Handling uncooked poultry improperly is the main danger that contributes to food poisoning along with not knowing how dishes other people bring to your holiday feast were prepared.

The CDC says “handling poultry (chickens and turkey) incorrectly and undercooking it are the most common problems that lead to food-borne disease outbreaks linked to poultry.”

You may have done everything you can to avoid cross-contamination, but it’s difficult to be sure everyone has.

But food poisoning can still easily be avoided.

How to stay safe?

  • Thaw your turkey safely.
  • You can thaw it in the refrigerator in a container, in a leak-proof plastic bag in a sink of cold water (change the water every 30 minutes) or In the microwave, following the microwave oven manufacturer’s instructions.
  • Never thaw your turkey by leaving it out on the counter since bacteria can grow rapidly in the “danger zone” between 40°F and 140°F.
  • Always wash your hands after handling raw meat.
  • Make sure your turkey is cooked thoroughly by using a meat thermometer. It should reach an internal temperature of 165°F.
  • Encourage family members who are bringing food to be extra careful when cooking in their own homes as well.
Puppy inside crate (Getty Images)
Puppy inside crate (Getty Images)

6.) Pet Bites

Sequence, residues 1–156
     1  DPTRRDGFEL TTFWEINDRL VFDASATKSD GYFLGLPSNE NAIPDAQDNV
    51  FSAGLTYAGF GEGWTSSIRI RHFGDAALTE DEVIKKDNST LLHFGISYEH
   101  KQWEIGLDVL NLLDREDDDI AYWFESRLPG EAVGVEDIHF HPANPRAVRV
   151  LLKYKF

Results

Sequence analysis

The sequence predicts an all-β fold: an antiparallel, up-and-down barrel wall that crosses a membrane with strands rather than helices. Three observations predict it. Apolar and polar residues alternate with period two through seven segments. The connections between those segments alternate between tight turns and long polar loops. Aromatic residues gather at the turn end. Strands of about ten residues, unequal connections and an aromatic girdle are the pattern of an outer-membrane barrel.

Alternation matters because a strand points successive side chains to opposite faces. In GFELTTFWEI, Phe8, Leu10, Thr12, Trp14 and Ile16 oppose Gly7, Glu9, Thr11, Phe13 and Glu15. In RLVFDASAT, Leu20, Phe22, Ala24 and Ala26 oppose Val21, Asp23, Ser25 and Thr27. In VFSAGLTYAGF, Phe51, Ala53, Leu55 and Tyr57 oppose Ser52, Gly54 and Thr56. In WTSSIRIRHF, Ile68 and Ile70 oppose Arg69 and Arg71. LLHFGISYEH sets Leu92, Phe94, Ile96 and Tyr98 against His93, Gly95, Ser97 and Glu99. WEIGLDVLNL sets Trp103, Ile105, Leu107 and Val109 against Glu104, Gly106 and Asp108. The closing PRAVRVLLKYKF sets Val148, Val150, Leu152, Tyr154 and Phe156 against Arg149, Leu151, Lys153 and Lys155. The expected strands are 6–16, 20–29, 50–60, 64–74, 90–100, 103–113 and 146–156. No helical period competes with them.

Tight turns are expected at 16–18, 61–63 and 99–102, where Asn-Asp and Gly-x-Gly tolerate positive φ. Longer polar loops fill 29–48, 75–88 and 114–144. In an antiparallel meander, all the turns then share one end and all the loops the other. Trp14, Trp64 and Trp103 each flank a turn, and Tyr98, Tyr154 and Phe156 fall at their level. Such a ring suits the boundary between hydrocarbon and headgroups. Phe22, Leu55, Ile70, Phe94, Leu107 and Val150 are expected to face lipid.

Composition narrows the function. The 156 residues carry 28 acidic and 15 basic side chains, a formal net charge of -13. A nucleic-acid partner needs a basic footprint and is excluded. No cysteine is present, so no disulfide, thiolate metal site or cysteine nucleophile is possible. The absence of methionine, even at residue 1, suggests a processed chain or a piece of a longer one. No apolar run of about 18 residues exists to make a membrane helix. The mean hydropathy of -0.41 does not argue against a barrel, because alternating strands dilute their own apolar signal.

While we may enjoy all the hustle and bustle of the holidays, Thanksgiving can be a difficult time for our furry family members.

Even if your pets are normally happy to see other people, strangers in the house and hectic activity can still make them anxious.

The American Veterinary Medical Association offers a few tips to keep your pets and relatives safe this season.

How to stay safe?

  • You can put your dog or cat in another room or crate with their favorite toy if you know they get anxious around guests. This will help with any difficult emotions they may be feeling and keep your guests from possibly getting injured.
  • Watch your pets closely. It’s especially important to watch them while you’re letting guests in and out of your home since they may try to run out while the door is open and get lost.
  • Make sure your pet has proper identification with your current contact information, particularly a microchip with up-to-date information, just in case they do get out.
  • If you want to share a Thanksgiving treat with your pet, buy or make a treat specifically for them. Animals have trouble digesting fatty foods, and many things that are fine for us are poisonous for our pets such as onions, raisins and grapes.